Acidic products can be found in certain cleaning agents, such as toilet bowl cleaners. They can cause pretty severe damage to any type of tissue they contact, especially if eaten or put in the eyes. Symptoms start to occur immediately and can include pain, crying/whimpering, trouble swallowing, vomiting, mouth and esophageal sores/ulcers, skin redness and sores, or eye redness and squinting. After calling your vet, offer water or milk if the product was eaten, or rinse the area (ideally for 10-15 minutes) with room temperature water.

Alkaline Products

These cleaning products include sodium hydroxide (lye), potassium hydroxide, ammonium hydroxide (household ammonia), and potassium permanganate. They are often used as drain openers, dishwasher detergents, and toilet bowl cleaners. These products can penetrate deeply into the tissues on contact and cause significant damage. Unlike acidic products, pain is not immediate, so symptoms may not be obvious at first. Signs associated with alkaline product ingestion include drooling, not eating, fever, oral redness and ulcers, trouble swallowing, vomiting, belly pain, and dark, tarry stools. Eye or skin contact can lead to redness as well. Call your vet and flush the mouth or contact area for 10-15 min with room temperature water.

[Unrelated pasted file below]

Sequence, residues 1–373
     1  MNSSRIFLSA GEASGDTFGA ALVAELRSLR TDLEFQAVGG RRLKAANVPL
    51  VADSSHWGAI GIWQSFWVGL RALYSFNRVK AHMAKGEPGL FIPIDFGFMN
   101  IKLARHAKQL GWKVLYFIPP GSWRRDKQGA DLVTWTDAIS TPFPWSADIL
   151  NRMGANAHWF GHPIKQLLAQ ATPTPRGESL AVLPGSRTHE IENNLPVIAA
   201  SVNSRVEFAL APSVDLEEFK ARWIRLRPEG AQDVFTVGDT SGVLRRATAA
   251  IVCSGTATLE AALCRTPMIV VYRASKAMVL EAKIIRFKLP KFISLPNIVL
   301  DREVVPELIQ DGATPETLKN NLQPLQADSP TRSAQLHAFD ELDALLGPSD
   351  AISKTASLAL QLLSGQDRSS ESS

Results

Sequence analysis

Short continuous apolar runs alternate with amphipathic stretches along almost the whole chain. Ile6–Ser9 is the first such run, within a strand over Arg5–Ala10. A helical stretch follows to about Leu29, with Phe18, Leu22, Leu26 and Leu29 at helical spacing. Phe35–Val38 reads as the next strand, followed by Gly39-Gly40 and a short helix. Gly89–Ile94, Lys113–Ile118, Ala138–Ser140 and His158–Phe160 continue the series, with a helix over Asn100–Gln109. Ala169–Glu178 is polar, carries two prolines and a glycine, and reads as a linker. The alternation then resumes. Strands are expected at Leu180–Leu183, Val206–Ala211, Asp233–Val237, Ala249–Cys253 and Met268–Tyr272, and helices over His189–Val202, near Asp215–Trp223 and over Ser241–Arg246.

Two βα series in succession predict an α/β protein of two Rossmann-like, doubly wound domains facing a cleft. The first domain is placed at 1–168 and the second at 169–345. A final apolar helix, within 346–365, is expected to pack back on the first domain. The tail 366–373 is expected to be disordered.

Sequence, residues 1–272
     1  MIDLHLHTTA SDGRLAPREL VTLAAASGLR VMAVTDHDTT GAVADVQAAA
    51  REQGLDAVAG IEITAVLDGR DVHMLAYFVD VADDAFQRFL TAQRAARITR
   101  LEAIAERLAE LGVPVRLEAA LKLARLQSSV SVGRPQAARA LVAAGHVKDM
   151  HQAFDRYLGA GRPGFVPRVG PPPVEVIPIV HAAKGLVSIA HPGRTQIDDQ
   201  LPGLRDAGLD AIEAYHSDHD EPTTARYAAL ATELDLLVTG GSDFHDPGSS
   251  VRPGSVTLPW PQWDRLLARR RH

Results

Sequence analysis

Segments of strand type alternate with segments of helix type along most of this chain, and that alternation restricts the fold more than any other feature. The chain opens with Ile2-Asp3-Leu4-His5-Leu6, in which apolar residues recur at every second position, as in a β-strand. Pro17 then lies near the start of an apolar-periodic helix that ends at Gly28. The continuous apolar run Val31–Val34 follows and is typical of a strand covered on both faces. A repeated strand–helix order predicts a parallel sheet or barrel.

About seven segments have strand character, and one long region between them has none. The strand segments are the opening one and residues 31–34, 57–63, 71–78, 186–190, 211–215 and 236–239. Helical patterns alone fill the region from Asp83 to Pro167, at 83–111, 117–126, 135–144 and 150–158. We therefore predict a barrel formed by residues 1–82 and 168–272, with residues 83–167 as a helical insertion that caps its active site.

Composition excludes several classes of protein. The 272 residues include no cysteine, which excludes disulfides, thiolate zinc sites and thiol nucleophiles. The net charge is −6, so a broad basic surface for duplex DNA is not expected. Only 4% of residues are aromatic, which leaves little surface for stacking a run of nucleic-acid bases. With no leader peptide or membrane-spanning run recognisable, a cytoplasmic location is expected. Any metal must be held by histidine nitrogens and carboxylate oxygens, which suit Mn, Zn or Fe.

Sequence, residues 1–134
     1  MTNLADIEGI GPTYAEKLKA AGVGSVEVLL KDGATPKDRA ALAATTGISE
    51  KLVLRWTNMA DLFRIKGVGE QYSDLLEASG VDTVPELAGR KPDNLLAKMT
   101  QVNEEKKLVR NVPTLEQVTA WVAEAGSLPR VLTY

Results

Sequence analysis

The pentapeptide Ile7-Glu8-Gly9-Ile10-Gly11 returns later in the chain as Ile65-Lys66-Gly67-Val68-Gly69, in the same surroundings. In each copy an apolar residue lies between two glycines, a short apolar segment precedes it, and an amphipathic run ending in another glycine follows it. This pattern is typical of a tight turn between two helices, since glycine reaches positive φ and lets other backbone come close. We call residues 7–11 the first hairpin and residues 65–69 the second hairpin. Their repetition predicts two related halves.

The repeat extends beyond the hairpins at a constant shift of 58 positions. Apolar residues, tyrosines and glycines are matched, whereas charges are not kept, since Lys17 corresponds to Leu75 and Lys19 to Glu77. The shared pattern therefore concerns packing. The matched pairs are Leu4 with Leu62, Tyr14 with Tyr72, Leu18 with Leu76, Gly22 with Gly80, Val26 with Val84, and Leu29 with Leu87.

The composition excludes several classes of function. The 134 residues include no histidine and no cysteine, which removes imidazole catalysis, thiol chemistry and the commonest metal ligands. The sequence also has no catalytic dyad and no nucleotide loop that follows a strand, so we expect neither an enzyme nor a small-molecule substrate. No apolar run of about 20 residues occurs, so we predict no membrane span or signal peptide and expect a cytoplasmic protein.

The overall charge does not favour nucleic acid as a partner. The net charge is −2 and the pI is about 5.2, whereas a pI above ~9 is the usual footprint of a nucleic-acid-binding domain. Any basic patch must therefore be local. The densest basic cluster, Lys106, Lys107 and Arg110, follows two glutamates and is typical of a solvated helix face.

Bleach

Liquid bleach is made of sodium hypochlorite. If it comes in contact with the skin or eyes, it can cause irritation such as pain or redness. It can also cause irritation along the respiratory tract if inhaled (sneezing, trouble breathing) and along the gastrointestinal tract (vomiting, loose stool, poor appetite) if eaten/drunk. Highly concentrated bleach (6% sodium hypochlorite or higher, may also be called “ultra bleach”) can cause pretty severe damage, such as ulcers in the mouth and GI tract if eaten. In addition to calling your vet, offer milk if the pet has eaten bleach. Bathe the pet in liquid dishwashing soap until the bleach smell is gone if it has gotten on the skin.